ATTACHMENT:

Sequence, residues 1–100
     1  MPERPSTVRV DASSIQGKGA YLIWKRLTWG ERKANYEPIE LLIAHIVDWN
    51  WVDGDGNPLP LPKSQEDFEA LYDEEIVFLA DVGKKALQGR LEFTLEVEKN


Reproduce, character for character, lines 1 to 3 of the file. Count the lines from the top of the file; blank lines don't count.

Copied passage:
Sequence, residues 1–100
     1  MPERPSTVRV DASSIQGKGA YLIWKRLTWG ERKANYEPIE LLIAHIVDWN
    51  WVDGDGNPLP LPKSQEDFEA LYDEEIVFLA DVGKKALQGR LEFTLEVEKN